Venezuela: against imperialism and Maduro!

Socialists should support workers in Venezuela, not the Maduro government.

By Dan Davison

Recently, the Democratic Socialists of America International Committee (DSA IC) sent a delegation to Caracas, Venezuela. From 21 June to 1 July, they attended the Bicentennial Congress of the Peoples and related events. The Congress was essentially a propaganda tool for the Venezuelan government. It was launched by President Nicolás Maduro himself and one of its explicit objectives was “to express support for the Bolivarian Revolution”.

There is certainly a pressing need for international solidarity with the Venezuelan working class. Economic and political crises have left the country in a dire state. The minimum monthly wage is now 10 million bolívares, which at the current exchange rate is the equivalent of only 3.54 USD. The Covid-19 testing and vaccination rate has been slow, and the government has misreported the death toll: as of 14 June, they registered only 2,764 deaths, but have been routinely omitting patients who were not tested or whose results did not arrive on time. 

Widespread malnutrition and a collapsing healthcare system have increased infant mortality and deaths in childbirth. Gang warfare has escalated in Caracas neighbourhoods, with the police and military so miserably failing to reestablish control that they showed false photographs of confiscated weapons that were actually taken in Bolivia. More than 6 million Venezuelans have fled the country since Maduro took office in 2013.

However, the DSA IC’s understanding of “solidarity with the Venezuelan working class” is “support for the Venezuelan government”. Sometimes this is based on the Maduro regime’s ostensible socialism; other times it is purely negative anti-imperialism (i.e., “Maduro is against American imperialism, ergo we should back Maduro”. I have heard at least one person analogise the situation to critically supporting a bureaucratic trade union against the bosses. Perhaps intentionally, this is the exact analogy that certain orthodox Trotskyists used for the Stalinist USSR in the 1940s. The problem with this analogy is its implication that, like a bureaucratic trade union, the Maduro regime is in fact fighting for working-class interests, just in a flawed and conservative manner.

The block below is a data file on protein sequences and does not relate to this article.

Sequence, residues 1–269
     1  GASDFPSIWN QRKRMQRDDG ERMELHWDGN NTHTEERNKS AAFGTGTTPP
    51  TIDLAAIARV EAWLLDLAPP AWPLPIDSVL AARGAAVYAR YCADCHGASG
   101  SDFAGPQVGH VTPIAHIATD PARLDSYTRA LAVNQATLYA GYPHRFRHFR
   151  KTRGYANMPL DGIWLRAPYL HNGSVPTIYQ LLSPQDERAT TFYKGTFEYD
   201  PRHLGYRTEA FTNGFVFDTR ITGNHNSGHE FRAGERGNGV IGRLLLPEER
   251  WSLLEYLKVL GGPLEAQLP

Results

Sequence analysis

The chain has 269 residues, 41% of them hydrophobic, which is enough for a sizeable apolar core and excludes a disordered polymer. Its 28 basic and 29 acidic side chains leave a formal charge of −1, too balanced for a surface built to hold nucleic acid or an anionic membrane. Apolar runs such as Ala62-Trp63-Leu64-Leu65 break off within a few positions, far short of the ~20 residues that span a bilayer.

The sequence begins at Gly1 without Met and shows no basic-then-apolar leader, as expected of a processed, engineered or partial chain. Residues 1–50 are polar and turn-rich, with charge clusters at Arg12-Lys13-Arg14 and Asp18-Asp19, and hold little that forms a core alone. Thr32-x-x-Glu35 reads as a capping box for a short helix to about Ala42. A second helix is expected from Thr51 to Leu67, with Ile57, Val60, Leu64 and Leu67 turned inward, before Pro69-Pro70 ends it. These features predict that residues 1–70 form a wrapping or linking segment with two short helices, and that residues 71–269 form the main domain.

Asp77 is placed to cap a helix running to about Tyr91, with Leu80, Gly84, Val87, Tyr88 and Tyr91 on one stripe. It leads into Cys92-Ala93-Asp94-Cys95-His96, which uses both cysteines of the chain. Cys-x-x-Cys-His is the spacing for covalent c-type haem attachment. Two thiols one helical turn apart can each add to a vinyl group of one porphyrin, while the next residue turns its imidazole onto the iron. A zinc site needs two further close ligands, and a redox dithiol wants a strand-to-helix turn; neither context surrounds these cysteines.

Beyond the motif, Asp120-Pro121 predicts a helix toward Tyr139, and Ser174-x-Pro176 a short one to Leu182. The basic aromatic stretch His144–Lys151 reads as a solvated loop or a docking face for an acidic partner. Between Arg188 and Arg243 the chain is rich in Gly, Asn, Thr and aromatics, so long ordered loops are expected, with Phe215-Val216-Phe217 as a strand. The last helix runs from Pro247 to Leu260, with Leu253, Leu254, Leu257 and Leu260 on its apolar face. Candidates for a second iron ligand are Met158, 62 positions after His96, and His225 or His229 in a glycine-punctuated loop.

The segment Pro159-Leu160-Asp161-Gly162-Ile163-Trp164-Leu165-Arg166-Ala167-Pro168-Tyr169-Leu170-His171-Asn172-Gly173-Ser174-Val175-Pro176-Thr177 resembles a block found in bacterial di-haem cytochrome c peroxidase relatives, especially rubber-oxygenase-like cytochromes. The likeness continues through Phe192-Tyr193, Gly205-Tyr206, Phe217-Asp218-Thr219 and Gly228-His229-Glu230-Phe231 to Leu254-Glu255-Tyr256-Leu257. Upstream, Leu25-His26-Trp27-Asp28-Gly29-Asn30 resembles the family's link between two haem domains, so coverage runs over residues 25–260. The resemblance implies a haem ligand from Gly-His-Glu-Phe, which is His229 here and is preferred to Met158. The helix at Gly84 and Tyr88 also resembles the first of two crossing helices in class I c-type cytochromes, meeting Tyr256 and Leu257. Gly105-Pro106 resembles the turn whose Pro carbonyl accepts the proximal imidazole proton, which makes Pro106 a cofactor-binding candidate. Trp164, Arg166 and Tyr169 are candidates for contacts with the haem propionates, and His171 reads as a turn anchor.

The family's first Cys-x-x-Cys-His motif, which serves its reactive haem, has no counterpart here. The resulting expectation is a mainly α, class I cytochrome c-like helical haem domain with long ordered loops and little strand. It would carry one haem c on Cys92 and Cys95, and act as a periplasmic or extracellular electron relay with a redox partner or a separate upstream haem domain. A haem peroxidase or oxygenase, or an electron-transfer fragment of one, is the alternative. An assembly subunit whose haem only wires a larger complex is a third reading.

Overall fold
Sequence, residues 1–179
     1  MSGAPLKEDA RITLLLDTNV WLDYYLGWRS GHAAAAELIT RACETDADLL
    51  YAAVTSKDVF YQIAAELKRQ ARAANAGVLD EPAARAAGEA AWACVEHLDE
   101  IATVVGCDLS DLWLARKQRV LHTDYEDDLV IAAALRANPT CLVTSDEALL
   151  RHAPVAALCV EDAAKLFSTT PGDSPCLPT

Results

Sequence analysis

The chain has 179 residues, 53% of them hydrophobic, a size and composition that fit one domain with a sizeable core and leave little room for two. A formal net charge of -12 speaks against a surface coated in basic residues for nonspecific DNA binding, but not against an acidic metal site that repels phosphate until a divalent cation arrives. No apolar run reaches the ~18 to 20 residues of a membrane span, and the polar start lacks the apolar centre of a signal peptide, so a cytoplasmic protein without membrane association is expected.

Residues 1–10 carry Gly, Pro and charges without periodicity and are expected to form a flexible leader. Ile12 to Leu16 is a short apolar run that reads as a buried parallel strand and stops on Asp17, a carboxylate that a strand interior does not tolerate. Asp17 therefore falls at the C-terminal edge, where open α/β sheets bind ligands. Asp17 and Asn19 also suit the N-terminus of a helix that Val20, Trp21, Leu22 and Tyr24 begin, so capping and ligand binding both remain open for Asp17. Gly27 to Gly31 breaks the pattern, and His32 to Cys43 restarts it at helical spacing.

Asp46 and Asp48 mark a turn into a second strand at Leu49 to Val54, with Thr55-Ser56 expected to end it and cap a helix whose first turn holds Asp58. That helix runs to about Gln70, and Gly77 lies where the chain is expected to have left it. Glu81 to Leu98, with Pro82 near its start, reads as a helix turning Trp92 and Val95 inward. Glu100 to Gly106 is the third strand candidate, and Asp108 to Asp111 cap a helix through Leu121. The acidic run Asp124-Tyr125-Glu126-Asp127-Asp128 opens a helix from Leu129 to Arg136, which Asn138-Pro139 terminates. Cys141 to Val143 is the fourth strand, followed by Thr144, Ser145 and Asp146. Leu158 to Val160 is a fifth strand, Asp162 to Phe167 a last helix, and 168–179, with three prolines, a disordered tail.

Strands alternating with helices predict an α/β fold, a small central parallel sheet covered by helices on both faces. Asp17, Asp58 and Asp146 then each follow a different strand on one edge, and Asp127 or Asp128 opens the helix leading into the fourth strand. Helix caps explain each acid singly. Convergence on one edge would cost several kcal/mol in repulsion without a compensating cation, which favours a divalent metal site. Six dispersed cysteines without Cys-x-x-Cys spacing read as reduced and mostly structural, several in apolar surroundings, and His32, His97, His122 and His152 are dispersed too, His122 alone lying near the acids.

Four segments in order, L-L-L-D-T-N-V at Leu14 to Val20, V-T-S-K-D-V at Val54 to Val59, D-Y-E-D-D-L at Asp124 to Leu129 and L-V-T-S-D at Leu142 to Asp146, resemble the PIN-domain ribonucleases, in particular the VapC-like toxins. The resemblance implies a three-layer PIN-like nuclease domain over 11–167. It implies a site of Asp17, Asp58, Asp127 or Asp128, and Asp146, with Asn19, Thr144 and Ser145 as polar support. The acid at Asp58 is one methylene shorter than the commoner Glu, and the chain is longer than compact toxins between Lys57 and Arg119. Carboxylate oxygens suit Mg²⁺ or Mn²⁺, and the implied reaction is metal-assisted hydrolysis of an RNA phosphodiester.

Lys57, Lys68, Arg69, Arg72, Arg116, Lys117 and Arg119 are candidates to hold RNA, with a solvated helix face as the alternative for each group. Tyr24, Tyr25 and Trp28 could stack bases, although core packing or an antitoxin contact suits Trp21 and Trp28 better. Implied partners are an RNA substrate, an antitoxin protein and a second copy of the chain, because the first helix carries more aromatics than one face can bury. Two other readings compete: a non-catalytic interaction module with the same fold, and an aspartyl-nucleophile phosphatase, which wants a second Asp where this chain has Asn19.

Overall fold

However much the ruling United Socialist Party of Venezuela (PSUV) positions itself as pro-worker and blames the country’s ills on American imperialism, the Maduro government systematically attacks the working class and is itself backed by imperialist powers like Russia and China. It has introduced austerity measures like the Ministry of Work’s Memorandum 2792, which undermines collective bargaining agreements. It invites transnational corporations to engage in harmful mining operations in Venezuela’s Amazon region. It keeps a Mafia-like grip on the unions and persecutes labour activists like Rodney Álvarez, who was recently sentenced to 15 years in prison.

Orlando Chirino, an independent socialist and trade union activist with the Venezuelan left-oppositionist Party for Socialism and Liberty, astutely puts it as follows in an open letter to DSA:

“In Venezuela we are fighting against an anti-worker and anti-popular capitalist government, authoritarian, conservative, repressive, that hides the repression and the anti-worker and anti-popular adjustment that it applies, under a ‘socialist’ pseudo-discourse, and as it’s not aligned with the US, it’s perceived by some as ‘Anti-imperialist’, and supported by sectors of the US and European left. This scheme repeats the typical mistakes of the cold war in the 20th century. The true internationalist must always support the struggles of workers and peoples for their liberation, beyond national borders.”
In short, I urge comrades in DSA and elsewhere on the international left to support the Venezuelan working class against the attacks it faces from imperialist powers and the Maduro regime alike. For example, Labour Party and trade union branches should perform actions in solidarity with left-wing political prisoners in Venezuela like Álvarez whilst also pushing back against right-wing calls for intervention. I also recommend following Venezuelan Workers Solidarity, a group of Venezuelan socialists in the US that rejects crude campism, as well the Venezuelan Voices blog, which provides helpful analysis from a critical left perspective.

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